Materiality is the defining of priorities relevant to the activities of an organisation, incorporating the views of multiple stakeholders. It helps define what sustainability means for an organisation and helps develop or review sustainability programmes.

In pursuit of a sustainable chemical sector, we seek a vision aligned with our members’ expectations and which moves along the same trajectory as the rapidly evolving socioenvironmental landscape that influences industry. Conducting a materiality assessment has enabled us to better understand the material aspects most significant to our members and their various stakeholders. This has facilitated discussions with members to highlight the risks and opportunities associated with different material topics. Consequently, it has enabled the development of an updated sustainability vision to determine how the CIA acts to improve sustainability in the chemical sector.


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Prior to this 2022 update, the last materiality assessment was conducted in 2017. Nonetheless, many themes have continued to be of high significance. For example, occupational health, safety and wellbeing; energy and climate change; and emissions and environmental protection. That being said, several new topics have emerged. Green finance was an emerging topic with the material aspects circular economy and sustainable finance being much more prominent than in the previous assessment. This highlights a recognition that linear systems are outdated and that all facets of society must adapt to overcome the current climate crisis.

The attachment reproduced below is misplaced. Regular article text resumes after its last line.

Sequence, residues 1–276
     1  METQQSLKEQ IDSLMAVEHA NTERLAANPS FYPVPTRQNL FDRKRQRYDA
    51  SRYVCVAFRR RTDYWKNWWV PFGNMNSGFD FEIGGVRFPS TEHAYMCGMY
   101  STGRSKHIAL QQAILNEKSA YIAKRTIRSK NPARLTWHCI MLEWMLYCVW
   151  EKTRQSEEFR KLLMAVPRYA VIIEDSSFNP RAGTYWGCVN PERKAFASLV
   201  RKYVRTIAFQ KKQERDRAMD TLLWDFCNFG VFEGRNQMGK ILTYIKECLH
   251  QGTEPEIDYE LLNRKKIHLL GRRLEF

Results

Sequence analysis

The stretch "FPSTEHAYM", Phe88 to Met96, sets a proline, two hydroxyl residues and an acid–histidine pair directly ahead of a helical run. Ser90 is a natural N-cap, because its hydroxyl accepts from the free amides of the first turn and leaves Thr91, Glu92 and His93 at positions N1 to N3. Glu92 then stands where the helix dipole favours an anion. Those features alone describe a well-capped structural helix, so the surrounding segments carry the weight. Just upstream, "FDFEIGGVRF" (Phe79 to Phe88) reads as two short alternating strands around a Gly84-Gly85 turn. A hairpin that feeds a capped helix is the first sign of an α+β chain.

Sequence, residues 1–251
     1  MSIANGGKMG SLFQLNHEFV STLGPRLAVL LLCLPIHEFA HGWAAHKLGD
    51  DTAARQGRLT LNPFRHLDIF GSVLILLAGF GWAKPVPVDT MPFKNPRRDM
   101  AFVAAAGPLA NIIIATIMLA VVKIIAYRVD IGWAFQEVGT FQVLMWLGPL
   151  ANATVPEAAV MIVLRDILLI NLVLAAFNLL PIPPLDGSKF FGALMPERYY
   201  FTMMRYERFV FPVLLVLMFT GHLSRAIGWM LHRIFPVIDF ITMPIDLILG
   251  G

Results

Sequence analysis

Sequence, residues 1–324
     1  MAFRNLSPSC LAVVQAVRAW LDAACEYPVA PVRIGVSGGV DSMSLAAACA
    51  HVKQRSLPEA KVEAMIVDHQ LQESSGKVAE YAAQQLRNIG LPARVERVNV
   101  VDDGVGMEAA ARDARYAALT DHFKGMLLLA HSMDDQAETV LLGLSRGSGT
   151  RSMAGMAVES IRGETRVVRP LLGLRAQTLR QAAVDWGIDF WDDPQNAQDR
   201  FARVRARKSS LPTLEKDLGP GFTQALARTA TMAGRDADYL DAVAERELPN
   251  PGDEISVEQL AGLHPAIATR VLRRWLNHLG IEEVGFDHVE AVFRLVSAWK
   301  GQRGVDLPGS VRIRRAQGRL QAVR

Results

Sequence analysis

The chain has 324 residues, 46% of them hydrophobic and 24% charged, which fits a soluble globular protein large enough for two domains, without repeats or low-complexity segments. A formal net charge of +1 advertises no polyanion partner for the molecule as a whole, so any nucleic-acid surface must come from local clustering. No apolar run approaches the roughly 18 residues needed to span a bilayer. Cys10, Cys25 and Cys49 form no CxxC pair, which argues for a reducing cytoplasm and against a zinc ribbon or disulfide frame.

Another notable addition was that of digitalisation. It is interesting to note the wider calls for platforms to share data and best practices to facilitate economy-wide change in support of the UK’s environmental goals. Overall, we saw factors of social origin on equal footing to environmental ones, with new material aspects such as modern slavery, and indigenous and cultural rights gaining traction. We have incorporated these contributions into our sustainability vision to reflect the holistic interpretation of sustainability across our member companies.

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Regarding the SDGs, those which have most relevance to the results of our materiality assessment are:

  • SDG 3, ‘Good health and wellbeing’—including the unintended consequences of manufactured products;
  • SDG 8, ‘Decent work and economic growth’—specifically in regard to the welfare of employees;
  • SDG 13, ‘Climate action’; SDG 14, ‘Life Below water’; SDG 15, ‘Life on land’ relating to our physical environment and the many creatures who inhabit it; and
  • SDG 17, ‘Partnerships for the goals’.

This is a CIA representation of our membership and is not specific to any single member. Given the diversity inherent in the UK chemical industry, not all material aspects will be relevant to each company.